The attached pic shows a Naval group which has puzzled me for some time. At first glance, the China 1900 medal would be considered as being mounted out of sequence; however, contact marks on the edges of both the China 1900 medal and the QSA are quite consistent with them being worn in that sequence. And worn for quite a long time and polished too.
The recipient is "H.STEVENS, ORD., H.M.S. REDPOLL" (on China)
"177844 ORD: H.STEVENS, H:M:S: TERRIBLE" (on QSA)
"177844 H.STEVENS A.B/. R.N." (on trio)
H.M.S. REDPOLL was a river gunboat- supposedly on the Yangste patrol. The
Fevyer-Wilson roll shows "STEPHENS H ORD 177.844" as entitled to TH/RofL (note different spelling but number agrees) on his QSA and a "seaman Stevens" is shown in an appendix of "The Commission of H.M.S. TERRIBLE" as being a member of Lt. Drummond's 6-inch gun crew when it landed with the Naval Brigade.
An ex-RAN colleague tells me that "medals would be worn" at Divisions and at least once a month. Further, he opines that H.STEVENS would often have been quizzed as to his "out-of-sequence" wearing of medals. The only answer I can think of is that Ordinary Seaman STEVENS was awarded his China 1900 medal first and his QSA some time later. That being sufficient reason to wear them in the sequence awarded.
Has any forum member seen China/QSA medals mounted this way? Or have a better reason than mine for so wearing them.
I have seen a similar group mounted for wear in the same order and as they were on old original ribbons, I would think that was how they were worn by the recipient.
When I first looked at your photo, I just thought who ever mounted them with the modern ribbon has just made an error, but if there are contact marks all over the QSA from the bronze star, then you can't really argue about how they had been worn!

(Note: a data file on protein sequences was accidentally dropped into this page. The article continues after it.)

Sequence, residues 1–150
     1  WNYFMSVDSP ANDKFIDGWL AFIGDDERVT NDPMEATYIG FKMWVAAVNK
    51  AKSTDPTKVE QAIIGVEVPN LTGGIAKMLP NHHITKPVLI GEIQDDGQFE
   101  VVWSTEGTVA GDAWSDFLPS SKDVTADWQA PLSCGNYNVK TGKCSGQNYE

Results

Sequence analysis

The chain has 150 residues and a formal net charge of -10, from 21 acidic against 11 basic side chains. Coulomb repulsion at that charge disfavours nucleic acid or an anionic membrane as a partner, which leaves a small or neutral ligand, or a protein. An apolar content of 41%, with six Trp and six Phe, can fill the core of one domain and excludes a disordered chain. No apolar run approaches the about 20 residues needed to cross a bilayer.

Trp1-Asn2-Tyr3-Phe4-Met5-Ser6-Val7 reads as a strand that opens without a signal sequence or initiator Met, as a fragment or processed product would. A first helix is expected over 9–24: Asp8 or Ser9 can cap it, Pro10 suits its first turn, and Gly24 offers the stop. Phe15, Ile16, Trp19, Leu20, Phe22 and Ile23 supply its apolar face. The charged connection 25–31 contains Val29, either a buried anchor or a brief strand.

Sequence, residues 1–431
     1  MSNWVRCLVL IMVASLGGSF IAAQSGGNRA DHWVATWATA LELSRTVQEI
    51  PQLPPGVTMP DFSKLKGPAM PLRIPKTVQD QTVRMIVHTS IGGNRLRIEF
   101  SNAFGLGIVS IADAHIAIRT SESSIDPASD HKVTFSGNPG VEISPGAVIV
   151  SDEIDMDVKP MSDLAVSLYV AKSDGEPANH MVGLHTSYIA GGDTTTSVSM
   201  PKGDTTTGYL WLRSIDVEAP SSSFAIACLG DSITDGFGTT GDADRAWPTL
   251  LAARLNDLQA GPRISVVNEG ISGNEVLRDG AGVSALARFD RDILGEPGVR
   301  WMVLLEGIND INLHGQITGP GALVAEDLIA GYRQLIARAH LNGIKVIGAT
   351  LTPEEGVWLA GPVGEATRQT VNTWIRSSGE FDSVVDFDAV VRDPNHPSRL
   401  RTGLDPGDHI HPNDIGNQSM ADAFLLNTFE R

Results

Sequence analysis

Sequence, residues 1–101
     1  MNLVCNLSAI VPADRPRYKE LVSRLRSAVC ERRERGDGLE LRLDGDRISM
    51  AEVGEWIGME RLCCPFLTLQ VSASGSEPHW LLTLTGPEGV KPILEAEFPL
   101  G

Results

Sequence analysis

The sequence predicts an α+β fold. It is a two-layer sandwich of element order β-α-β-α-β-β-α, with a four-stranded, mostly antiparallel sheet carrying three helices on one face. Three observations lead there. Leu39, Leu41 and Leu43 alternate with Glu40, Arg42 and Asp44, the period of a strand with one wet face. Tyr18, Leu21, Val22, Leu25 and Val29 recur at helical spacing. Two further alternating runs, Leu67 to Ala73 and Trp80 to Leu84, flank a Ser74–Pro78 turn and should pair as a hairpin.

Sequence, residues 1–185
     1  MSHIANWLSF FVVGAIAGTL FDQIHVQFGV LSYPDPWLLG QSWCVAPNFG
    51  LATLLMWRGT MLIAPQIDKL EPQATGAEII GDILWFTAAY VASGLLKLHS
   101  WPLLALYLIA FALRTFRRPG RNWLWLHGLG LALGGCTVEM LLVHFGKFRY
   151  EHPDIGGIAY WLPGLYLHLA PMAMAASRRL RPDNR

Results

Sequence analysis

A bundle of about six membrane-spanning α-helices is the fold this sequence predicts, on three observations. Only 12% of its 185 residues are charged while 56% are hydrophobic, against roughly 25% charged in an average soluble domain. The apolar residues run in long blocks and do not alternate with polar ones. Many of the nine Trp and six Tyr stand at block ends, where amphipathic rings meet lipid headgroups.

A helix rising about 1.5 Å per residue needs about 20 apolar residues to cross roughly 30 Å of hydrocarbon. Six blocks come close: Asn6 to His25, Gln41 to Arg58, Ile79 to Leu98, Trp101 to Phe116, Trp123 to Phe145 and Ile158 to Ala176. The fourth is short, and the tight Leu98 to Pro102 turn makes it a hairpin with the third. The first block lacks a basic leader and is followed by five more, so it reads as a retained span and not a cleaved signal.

Thanks for the reply. At least you have seen one other so mounted!! In the case of the Stevens group, no matter if he wore them with the obverse or the reverse showing, the "witness" marks on China and QSA clearly show his order of wearing. Must have been because the China medal issue was first, I think.
Thanks again, Ian Linney.
I am not a navy man, the group I referred to belongs to a friend and is not mine, I agree with you, the condition of the QSA should tell you in what order these were worn, much like a Egypt pair, at is the bronze star that does the damage, a close look at the recipients Seamans Statement of Service or HMS Terrible's Ships Description Book may well prove worth while here.
But either way I would not worry about it, still a good group, medals to members of Terrible's crew who served ashore in Natal are worth having whatever their condition, the third China War medal is a bonus in my opinion!
A very good honest group and well worth having, I should be very pleased with it if I were you, the QSA its self is nice but you have all the other medals too!
Perhaps the "Order of Wear" of medals issued at that time had not been established, or was not rigidly enforced. I was surprised when I first learned that Jubilee and Coronation medals circa 1900 were worn ahead of campaign medals. Groups mounted in this way look 'wrong' but, in fact, it was the accepted practise.